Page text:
Reading Response to William Shakespeare’s Hamlet

Published: 2021-07-12 01:45:05
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Category: Hamlet

Type of paper: Essay

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William Shakespeare’s magnum opus Hamlet, set in Denmark, is an Elizabethan revenge tragedy that has endured through the centuries. One of Shakespeare’s prominent dramatic features is that of the soliloquy, wherein characters reveal their thoughts and motivations directly to the audience.
In one of the many soliloquies in which Prince Hamlet, the eponymous protagonist famously contemplates on his existence, crying in blank verse and written in iambic pentameter, “To be or not to be: that is the question” (Shakespeare 3.1.55), and likens his mental anguish and deliberations to that of “slings and arrows of outrageous fortune” (Shakespeare 3.1.57). In this scene the audience understands and empathises with Hamlet’s angst with regards to his contemplation of suicide over seeking revenge on his father’s killer, the incumbent ruler and also his uncle Claudius. The audience also understands the gravity of his suicidal thoughts through the kinaesthetic imagery and combative diction used in “slings and arrows” (Shakespeare 3.1.57).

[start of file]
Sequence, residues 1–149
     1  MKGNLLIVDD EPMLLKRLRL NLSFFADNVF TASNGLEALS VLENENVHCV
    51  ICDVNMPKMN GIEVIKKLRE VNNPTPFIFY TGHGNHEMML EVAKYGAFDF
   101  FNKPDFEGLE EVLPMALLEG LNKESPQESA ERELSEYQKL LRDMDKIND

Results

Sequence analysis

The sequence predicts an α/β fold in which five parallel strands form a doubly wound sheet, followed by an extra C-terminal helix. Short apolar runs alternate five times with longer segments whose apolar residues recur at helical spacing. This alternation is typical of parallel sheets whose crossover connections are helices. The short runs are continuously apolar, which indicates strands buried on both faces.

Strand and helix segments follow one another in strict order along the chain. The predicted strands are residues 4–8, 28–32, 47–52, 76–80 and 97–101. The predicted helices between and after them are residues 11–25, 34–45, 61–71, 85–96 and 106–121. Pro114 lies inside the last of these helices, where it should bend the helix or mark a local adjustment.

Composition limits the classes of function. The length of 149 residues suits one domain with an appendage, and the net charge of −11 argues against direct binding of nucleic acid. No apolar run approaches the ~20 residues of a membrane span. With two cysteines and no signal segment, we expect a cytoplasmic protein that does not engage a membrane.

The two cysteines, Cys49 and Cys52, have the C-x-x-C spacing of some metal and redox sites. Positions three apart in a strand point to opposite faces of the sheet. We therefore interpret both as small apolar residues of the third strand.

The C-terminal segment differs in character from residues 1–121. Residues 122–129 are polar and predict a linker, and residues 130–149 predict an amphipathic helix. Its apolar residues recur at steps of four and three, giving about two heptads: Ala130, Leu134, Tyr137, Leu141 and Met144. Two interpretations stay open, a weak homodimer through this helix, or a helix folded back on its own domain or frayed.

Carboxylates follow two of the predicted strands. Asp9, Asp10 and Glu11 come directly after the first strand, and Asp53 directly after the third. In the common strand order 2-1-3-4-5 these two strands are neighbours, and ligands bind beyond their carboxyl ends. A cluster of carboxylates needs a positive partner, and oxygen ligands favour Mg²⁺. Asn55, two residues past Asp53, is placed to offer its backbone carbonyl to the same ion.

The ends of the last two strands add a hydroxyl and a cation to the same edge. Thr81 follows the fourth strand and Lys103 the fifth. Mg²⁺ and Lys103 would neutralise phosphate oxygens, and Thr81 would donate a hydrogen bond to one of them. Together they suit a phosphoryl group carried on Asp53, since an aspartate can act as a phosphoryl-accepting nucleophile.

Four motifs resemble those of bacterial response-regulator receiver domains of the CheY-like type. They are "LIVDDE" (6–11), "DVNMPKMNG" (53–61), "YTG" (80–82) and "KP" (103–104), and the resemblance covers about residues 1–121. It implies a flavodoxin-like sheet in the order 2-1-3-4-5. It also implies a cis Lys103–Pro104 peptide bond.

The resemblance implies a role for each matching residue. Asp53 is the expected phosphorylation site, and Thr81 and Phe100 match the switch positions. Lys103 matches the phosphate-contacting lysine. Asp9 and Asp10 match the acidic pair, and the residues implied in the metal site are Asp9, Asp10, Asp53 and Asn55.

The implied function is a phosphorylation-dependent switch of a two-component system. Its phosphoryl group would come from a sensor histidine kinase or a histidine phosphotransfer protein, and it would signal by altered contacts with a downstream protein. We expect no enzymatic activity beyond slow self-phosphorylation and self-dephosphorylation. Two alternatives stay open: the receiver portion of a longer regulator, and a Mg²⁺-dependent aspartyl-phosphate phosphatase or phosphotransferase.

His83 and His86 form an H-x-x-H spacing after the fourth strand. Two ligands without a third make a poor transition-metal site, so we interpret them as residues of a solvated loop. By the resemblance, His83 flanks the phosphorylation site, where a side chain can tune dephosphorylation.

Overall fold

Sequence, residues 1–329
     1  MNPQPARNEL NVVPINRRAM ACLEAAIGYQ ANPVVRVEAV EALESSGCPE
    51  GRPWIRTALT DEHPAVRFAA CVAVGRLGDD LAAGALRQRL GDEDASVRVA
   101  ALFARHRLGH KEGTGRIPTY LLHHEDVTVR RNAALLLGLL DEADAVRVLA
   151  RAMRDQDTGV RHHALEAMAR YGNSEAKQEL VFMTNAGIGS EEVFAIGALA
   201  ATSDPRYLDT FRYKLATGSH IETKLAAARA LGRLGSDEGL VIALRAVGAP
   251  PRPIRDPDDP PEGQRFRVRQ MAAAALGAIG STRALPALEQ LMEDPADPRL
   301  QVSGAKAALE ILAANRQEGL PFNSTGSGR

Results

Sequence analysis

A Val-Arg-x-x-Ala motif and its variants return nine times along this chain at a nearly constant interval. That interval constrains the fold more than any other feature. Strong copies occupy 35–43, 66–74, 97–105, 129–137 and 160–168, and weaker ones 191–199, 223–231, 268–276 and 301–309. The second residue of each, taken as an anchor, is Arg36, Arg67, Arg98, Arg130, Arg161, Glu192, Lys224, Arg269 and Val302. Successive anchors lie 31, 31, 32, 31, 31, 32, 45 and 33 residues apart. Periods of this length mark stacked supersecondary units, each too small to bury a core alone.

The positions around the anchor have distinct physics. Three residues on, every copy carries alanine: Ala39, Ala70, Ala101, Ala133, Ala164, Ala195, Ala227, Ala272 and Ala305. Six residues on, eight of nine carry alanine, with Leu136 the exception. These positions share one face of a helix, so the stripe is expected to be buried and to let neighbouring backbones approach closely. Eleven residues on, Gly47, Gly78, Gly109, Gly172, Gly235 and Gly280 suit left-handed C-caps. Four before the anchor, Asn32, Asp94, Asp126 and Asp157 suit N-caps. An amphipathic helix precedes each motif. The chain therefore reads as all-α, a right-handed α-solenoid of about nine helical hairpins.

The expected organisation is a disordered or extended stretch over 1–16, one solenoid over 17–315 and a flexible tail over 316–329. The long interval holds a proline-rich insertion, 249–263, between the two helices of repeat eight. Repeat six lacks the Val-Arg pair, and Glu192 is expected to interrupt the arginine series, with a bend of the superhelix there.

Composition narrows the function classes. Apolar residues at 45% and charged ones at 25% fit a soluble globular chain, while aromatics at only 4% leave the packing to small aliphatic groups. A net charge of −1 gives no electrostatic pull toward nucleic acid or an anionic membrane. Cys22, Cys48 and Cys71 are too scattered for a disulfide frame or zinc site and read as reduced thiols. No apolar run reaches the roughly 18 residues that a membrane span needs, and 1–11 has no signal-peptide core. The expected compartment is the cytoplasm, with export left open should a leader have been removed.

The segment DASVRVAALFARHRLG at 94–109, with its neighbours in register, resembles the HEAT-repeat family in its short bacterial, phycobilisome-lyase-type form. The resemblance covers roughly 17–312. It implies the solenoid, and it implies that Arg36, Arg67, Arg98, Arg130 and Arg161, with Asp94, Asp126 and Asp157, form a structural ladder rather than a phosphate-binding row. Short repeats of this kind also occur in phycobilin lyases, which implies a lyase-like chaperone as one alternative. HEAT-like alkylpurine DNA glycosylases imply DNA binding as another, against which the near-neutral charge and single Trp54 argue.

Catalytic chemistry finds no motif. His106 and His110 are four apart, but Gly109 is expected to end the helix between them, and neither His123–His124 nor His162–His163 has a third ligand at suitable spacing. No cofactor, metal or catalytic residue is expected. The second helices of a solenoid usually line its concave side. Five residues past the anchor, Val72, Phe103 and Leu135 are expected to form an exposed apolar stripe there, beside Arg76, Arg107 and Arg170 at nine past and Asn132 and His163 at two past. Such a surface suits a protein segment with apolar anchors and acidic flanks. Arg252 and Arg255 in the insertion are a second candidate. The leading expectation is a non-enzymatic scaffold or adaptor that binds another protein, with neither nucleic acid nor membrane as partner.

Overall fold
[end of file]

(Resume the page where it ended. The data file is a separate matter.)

Tangentially, in our modern times, denizens of social media express their seemingly contemplative ruminations about their however comparatively frivolous life struggles in a syntax that Shakespearean readers would find amusing in its misappropriation. For example, ‘to do my homework or not to do my homework that is the question’ is an example of a modern expression which might aptly characterize the growing teenage pains of school homework. Yet, readers of the dramatic work Hamlet will find themselves gutted with these insignificant banal thoughts in comparison to Prince Hamlet’s weightier considerations suicide and regicide reflected in his soliloquy.
Through this scene and numerous other soliloquy, asides and dramatic dialogue, the dramatist conveys the thoughts, feelings of its characters, conveys the heavy themes of regicide and justice, as well as set up the plot as a revenge tragedy.


References
Puchner, Martin, ed. William Shakespeare’s Hamlet, Prince of Denmark. The Norton Anthology of World Literature. 3rd ed. Vol. C. New York: W.W. Norton and Company, 2012. Print.

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